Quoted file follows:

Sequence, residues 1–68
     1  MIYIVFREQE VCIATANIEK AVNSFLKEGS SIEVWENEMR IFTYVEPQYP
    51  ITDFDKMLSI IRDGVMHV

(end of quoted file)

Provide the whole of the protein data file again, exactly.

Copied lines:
Sequence, residues 1–68
     1  MIYIVFREQE VCIATANIEK AVNSFLKEGS SIEVWENEMR IFTYVEPQYP
    51  ITDFDKMLSI IRDGVMHV